Am I Eligible for a Health Savings Account?

Photo by pathdoc / Shutterstock.com

Welcome to the “2-Minute Money Manager,” a short video feature answering money questions submitted by readers and viewers.

Today’s question is about health savings accounts, or HSAs; specifically, who’s eligible to have one.

Watch the following video, and you’ll pick up some valuable info. Or, if you prefer, scroll down to read the full transcript and find out what I said.

You also can learn how to send in a question of your own below.

For more information, check out “3 Ways a Health Savings Account Can Improve Your Finances” and “5 Reasons to Use a Health Savings Account as a Retirement Fund.” You can also go to the search at the top of this page, put in the words “health savings account” or “HSA” and find plenty of information on just about everything relating to this topic.

And if you need anything from tips on finding help with debt to finding the best financial advice, be sure and visit our Solutions Center.

Got a question of your own to ask? Scroll down past the transcript.

Don’t want to watch? Here’s what I said in the video

Hello, and welcome to your “2-Minute Money Manager.” I’m your host, Stacy Johnson, and this answer is brought to you by Money Talks News, serving up the best in personal finance news and advice since 1991.

Today’s question comes from Kate:

“I have a question about setting up a health savings account. I’m 63 and my husband is 66. I’m covered by his health insurance until I turn 65 and can go on Medicare. When that happens, his current health insurance will be our Part B. Can we set up an HSA at that time?”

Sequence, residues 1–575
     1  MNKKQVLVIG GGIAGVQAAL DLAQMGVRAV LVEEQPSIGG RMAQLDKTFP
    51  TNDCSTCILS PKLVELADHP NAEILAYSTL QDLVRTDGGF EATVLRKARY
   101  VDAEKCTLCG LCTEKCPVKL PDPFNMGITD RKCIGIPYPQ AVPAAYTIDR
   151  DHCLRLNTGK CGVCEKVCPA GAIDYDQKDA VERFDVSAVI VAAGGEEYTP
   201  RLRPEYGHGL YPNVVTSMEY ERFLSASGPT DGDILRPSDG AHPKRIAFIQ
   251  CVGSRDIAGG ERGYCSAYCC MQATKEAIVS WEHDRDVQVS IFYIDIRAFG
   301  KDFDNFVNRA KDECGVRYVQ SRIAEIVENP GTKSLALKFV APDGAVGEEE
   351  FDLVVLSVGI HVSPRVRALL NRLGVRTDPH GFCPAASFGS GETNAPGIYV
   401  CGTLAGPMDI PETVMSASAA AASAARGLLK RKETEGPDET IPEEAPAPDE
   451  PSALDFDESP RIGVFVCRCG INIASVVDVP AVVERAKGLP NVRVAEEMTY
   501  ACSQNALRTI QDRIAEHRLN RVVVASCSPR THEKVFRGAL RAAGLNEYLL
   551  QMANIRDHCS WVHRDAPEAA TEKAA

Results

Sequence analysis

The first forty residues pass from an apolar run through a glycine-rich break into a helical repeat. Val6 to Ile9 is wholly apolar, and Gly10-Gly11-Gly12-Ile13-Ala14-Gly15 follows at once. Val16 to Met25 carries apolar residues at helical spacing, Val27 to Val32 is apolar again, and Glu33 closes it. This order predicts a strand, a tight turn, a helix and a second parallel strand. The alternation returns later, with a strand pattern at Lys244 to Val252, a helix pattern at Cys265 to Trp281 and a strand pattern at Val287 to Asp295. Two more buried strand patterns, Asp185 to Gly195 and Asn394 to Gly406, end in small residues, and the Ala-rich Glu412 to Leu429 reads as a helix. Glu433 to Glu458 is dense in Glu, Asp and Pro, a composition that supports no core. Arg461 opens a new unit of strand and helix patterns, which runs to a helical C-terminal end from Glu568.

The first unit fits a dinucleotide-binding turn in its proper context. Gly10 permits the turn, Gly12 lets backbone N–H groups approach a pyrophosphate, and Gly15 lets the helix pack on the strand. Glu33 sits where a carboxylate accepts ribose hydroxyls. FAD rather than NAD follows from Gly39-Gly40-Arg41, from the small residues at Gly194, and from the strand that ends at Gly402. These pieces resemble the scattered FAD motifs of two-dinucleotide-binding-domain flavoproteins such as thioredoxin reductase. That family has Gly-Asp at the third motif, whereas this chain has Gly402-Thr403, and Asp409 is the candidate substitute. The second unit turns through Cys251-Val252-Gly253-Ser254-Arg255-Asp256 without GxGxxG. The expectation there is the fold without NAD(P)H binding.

OK, Kate, let’s discuss.

What’s an HSA?

HSA stands for health savings account. These are basically like an IRA for health care expenses. You get a deduction for putting money into the account, and you pay no taxes when it comes out, as long as it’s used for qualified medical expenses.

I’ve been using one for many years. It’s been a great help when I’ve had health expenses, and it’s an awesome tool to save money for retirement.

Why are HSAs cool? Let’s count the ways.

1. HSAs are tax-free

Putting money in a health savings account is one of the very few ways you can entirely avoid paying any taxes on that money — ever.

With an HSA, you get a tax deduction for the money you put into the account. Then, the earnings grow tax-free. Then, as long as you use it for qualified health care expenses, you don’t pay taxes on the money you withdraw from the account.

2. HSAs are more versatile than FSAs

A health flexible spending account (FSA) is another type of tax-advantaged account for stretching health care dollars, but it has a big downside.

FSAs are subject to a use-or-lose provision. You can roll over up to $500, but generally you’ve got to spend the money in your FSA within the health insurance plan year or else lose it. (Some plans extend the period for eligible spending a couple of months beyond the plan year.)

With an HSA, however, your money remains in the account — and thus can grow — year after year.

3. You can invest the money in your HSA

It’s possible to invest the money that’s in your HSA so it can grow faster, although investment options depend on where you open your HSA.

Personally, I keep my HSA money in a simple savings account. But if I wanted to, I could invest part of it in a stock index or other mutual fund.

Who’s eligible?

To qualify for an HSA, you need to be covered by a high-deductible health insurance plan. How high does the deductible need to be? For 2020, the deductible has to be at least $1,400 for a single coverage plan and $2,800 for family coverage.

How do you open an HSA?